Resolutions of the independent ministers of the counties of Carmarthen, Cardigan, and Pembroke on the death of President Lincoln.
A resolution passed unanimously at the annual association of the independent ministers of the counties of Carmarthen, Cardigan, and Pembroke, held at Maenclochog, Pembrokeshire, June 6, 1865, Rev. Evan Lewis Brynberian presiding; and also at the annual association of the independent ministers of the counties of Glamorgan, Monmouth, Radmor, and Brecon, held at Neath, Glamorganshire, July 5, 1865, Rev. Dr. Rees, of Swansea, presiding.
(These two associations represent 289 ministers and 438 churches.)
That this conference desires to inform our fellow-citizens, and especially our fellow-countrymen in America, of our deep interest in the past history and our full confidence in the future progress of the United States. That we acknowledge in the late war the righteous judgment of God on the northern and southern States, and also on Great Britain, in the distress occasioned by the war, and see in it an instance of retributive providence, as a temporal judgment for the commencement, continuance, and defence of the polluted system of slavery, reducing the man created in God’s image to the status of the animal..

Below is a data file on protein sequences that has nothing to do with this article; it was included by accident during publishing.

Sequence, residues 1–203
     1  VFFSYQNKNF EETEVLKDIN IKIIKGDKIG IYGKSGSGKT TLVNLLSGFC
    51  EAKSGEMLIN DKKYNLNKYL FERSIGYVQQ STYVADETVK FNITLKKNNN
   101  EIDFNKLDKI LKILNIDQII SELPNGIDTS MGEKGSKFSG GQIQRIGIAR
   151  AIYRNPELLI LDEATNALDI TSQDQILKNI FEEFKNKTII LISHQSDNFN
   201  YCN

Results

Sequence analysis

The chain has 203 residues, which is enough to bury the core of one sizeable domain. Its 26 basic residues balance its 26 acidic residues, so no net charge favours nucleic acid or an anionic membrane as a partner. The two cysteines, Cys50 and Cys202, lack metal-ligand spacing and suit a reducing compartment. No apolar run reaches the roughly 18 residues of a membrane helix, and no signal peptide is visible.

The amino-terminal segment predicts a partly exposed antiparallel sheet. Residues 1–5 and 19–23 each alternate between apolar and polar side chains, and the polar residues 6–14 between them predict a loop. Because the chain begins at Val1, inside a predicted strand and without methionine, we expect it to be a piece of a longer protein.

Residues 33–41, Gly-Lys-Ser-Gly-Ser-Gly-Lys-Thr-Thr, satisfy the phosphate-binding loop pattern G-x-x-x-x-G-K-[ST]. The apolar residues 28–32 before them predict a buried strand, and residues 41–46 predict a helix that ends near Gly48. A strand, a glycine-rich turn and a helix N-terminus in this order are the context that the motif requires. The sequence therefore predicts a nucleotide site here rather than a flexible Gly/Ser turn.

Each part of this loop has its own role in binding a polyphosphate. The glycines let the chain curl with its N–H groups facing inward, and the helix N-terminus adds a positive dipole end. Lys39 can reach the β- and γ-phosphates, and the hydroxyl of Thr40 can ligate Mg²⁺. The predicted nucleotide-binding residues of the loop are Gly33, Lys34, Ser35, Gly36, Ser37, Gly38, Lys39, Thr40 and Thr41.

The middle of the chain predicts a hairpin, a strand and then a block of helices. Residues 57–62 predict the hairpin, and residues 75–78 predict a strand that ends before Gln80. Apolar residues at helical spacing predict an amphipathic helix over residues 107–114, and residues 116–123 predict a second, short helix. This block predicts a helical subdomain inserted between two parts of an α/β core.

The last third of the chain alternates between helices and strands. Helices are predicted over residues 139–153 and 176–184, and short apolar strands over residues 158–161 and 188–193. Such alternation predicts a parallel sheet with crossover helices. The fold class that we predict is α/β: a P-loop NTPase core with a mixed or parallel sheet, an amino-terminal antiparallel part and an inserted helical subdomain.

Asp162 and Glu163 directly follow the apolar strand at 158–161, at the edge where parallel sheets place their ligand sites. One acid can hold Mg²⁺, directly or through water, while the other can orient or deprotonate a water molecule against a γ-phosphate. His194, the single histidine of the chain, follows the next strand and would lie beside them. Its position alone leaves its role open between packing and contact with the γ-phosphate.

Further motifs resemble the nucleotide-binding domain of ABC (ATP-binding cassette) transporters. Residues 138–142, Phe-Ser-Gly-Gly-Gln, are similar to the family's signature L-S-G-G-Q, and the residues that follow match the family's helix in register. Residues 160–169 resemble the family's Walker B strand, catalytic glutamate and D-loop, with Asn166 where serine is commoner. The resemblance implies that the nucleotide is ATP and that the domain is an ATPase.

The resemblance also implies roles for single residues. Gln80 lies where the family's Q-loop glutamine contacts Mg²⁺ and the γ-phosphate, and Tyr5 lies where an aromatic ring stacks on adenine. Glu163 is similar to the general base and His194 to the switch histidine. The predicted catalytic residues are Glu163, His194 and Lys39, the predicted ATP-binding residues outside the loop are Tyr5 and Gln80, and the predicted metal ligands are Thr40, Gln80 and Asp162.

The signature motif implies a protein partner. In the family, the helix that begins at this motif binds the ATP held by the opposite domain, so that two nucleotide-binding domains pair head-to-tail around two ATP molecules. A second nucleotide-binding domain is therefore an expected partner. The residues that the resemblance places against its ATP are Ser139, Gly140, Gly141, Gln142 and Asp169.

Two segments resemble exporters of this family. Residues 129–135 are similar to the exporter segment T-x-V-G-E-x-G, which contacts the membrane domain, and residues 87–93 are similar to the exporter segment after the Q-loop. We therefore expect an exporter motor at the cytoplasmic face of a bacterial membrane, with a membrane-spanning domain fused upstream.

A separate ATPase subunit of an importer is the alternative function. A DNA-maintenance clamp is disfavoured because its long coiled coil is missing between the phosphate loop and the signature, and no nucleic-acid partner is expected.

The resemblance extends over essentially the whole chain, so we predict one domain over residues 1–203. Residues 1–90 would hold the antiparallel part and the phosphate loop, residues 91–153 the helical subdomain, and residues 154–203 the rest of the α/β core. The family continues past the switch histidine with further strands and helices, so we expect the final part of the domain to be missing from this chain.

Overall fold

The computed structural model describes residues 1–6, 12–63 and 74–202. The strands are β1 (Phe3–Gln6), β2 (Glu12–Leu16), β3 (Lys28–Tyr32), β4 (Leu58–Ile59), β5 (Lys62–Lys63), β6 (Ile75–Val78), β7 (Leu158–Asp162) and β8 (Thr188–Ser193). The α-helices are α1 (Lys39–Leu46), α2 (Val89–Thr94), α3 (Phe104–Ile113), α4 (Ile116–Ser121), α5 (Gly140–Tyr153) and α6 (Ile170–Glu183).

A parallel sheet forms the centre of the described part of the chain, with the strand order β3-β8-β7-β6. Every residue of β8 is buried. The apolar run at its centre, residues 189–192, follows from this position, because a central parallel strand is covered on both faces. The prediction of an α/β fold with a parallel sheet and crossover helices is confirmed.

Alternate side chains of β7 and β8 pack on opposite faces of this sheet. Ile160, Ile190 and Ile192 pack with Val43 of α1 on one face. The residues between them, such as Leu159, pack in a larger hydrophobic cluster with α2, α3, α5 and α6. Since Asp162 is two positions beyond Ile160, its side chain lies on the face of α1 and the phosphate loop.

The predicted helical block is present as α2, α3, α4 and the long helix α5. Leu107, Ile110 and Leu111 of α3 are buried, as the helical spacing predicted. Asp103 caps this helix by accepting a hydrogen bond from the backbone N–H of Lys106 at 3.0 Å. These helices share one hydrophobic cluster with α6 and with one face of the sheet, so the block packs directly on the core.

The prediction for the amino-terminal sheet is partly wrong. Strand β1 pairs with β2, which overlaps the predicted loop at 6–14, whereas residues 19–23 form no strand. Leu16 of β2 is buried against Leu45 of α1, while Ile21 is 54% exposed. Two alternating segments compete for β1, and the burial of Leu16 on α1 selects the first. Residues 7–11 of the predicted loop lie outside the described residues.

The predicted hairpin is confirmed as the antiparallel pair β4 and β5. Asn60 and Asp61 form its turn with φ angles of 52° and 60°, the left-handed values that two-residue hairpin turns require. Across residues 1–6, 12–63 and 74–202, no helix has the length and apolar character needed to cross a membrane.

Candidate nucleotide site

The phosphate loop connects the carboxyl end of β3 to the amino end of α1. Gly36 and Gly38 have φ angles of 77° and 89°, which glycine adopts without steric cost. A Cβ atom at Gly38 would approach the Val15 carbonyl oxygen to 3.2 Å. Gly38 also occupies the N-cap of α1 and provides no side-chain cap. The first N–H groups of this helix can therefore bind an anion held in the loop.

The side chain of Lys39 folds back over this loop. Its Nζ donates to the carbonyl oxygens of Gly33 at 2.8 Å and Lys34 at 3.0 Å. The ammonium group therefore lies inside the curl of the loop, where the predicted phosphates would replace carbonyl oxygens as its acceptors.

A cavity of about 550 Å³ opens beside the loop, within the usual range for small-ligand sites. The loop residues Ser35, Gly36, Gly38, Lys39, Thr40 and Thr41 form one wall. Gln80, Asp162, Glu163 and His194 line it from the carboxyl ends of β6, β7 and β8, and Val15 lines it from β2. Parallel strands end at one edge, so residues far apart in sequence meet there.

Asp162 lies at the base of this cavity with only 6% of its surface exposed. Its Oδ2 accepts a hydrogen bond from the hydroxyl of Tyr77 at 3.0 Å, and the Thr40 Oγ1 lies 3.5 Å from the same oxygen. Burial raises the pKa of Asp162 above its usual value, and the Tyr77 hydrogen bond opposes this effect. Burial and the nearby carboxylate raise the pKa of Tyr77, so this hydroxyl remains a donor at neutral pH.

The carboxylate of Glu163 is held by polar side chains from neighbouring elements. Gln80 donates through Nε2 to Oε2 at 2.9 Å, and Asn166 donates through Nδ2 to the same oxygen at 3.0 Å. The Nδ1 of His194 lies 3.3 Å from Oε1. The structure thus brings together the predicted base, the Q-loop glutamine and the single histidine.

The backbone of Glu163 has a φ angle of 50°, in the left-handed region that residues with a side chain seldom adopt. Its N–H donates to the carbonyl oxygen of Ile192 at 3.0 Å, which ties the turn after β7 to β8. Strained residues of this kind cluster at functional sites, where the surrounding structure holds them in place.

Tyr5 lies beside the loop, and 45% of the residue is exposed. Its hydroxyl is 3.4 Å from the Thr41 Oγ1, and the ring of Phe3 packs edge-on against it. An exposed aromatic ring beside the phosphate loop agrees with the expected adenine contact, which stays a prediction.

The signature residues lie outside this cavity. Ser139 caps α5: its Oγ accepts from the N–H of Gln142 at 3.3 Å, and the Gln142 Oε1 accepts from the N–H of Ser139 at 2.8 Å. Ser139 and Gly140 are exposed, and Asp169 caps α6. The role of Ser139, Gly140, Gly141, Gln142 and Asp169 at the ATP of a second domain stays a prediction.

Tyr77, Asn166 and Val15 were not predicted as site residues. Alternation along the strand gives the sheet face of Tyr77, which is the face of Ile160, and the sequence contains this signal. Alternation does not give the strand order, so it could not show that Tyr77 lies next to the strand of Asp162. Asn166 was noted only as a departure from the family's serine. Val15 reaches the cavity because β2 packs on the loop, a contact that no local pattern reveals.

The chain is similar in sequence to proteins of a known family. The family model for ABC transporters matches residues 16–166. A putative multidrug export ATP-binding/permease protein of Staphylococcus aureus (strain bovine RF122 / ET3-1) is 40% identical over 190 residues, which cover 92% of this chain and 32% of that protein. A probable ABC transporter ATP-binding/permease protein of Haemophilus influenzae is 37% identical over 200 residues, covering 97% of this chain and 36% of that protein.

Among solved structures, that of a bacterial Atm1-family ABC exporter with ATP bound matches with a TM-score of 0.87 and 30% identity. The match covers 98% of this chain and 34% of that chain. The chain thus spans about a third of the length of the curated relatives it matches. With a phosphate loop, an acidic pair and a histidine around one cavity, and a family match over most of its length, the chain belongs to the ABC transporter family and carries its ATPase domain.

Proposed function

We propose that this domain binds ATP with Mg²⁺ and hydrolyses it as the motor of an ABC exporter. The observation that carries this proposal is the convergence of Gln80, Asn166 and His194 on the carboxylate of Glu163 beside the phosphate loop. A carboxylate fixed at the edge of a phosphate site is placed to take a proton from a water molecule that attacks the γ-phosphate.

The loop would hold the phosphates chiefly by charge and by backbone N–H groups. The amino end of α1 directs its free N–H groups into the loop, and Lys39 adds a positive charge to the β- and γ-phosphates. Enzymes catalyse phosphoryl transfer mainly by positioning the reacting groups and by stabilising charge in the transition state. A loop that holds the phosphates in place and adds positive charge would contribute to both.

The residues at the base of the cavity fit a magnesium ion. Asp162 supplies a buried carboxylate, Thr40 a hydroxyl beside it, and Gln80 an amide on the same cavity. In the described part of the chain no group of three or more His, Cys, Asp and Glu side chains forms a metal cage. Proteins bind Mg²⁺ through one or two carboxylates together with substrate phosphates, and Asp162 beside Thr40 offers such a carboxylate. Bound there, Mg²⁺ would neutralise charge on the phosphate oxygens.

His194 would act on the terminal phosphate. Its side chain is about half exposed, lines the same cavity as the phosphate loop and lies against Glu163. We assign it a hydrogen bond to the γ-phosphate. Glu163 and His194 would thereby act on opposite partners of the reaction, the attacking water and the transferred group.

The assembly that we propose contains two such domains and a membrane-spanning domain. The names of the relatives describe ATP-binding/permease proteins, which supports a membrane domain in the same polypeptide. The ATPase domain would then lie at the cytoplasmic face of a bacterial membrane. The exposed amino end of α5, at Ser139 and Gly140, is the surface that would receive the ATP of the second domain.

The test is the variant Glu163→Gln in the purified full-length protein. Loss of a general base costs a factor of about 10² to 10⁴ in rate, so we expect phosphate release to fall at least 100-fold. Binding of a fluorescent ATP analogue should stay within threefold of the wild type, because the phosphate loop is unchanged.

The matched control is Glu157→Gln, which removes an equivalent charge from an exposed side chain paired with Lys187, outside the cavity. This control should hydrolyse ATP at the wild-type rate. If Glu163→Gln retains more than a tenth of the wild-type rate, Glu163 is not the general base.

That we have personally and socially prayed for the speedy termination of the war in the complete overthrow and everlasting destruction of the slave system, and the progress of liberty and virtue in America.
That we congratulate the American people on the quashing of the rebellion; and desire that they may have wisdom from above in the reconstruction of the Union on principles and by laws acknowledging that men of all colors and languages are equal.
That in common with the whole civilized world we have felt deeply indignant on reading the account of the treacherous murder of the benevolent President, Abraham Lincoln; and while deeply sympathizing with the sorrowing widow so mysteriously bereaved of her husband, and the nation so suddenly deprived of her leader, we earnestly pray that that “righteous man has not been taken away from the evil to come.”
That we see in the whole history of the “irrepressible conflict” between slavery and freedom in the States a fresh proof that “righteousness exalteth a nation, but sin is a reproach to any people.”
And, lastly, we trust that with the restoration of peace there will be a vigorous renewal of those philanthropic and religious efforts that have made America so conspicuous in the past for moral reformations and religious revivals; so that she may become in the future still more eminent for powerful and more enduring revivals, having been freed from the curse of slavery, that defiled with its touch everything with which it came in contact; and that she may be a free country, living in peace at home and in peace with all other nations, according to the wish so beautifully expressed by the ever to be remembered Abraham Lincoln on his reinauguration as President, on the 4th of March, 1865.